11 Jun 2019 - by 'Maurits van der Schee'
For us (professional software developers) there are open source libraries and tools that cover most of what we are doing. Even in commercial projects we can often leverage these as their licenses are often permissive towards commercial use. Which raises the question: When do you write your own code? On a GDS blog I ran into the "open source pyramid" as advocated by JP Rangaswami:
This is a pattern I have often encountered in commercial software companies. I have seen exceptions to this rule when the software is very important to the company (for instance part of the strategy or "core business" of the company).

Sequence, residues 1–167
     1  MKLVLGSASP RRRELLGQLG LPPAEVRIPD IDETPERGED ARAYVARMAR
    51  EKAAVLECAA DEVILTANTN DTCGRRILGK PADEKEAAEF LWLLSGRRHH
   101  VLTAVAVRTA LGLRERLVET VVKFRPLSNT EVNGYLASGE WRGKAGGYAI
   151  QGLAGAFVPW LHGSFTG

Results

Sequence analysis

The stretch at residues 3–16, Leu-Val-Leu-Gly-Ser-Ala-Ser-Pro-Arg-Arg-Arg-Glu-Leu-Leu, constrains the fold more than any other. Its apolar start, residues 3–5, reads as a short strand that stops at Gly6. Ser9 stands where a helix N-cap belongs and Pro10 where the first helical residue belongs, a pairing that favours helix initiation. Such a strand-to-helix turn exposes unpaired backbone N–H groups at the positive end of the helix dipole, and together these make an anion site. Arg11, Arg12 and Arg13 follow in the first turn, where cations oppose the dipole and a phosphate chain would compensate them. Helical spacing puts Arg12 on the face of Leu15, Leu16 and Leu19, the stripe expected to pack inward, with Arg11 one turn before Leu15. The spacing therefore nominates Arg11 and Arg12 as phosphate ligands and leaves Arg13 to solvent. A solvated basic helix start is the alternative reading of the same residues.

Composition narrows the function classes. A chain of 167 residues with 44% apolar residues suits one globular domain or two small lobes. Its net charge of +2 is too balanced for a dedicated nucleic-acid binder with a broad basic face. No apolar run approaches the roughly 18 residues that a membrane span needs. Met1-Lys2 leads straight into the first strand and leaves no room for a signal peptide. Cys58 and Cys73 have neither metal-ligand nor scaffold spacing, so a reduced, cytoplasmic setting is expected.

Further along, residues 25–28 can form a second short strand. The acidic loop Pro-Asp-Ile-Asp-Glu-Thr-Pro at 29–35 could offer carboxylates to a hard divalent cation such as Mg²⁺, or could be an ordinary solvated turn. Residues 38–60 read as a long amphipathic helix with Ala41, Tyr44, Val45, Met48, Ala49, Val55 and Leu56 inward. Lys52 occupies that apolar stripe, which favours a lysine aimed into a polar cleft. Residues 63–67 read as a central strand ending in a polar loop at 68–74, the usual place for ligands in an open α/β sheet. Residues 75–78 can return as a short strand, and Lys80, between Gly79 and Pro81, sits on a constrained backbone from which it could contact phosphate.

When "open source" is part of the companies strategy then Buy is often not an option. In such a case the pyramid reads:
Contributing and forking is an essential part of taking part in the open source community. Companies that keep tools and changes for open source software to themselves may do this to protect their intellectual property or just because publishing takes extra effort. Other companies are creating their own open source software instead of collaborating in existing successful open source projects. This behavior is an example of the famous "Not Invented Here" syndrome.
The Build strategy is often applied without much consideration for the long term costs. Although "build-your-own" often seems faster and cheaper, the truth is that the majority of the costs of software is spent during it's maintenance, not during it's creation. And even the costs of creation of software is often underestimated, especially testing (for performance, security and functionality) and documentation (for developers and users).
Bottom line: Think twice before starting a new project.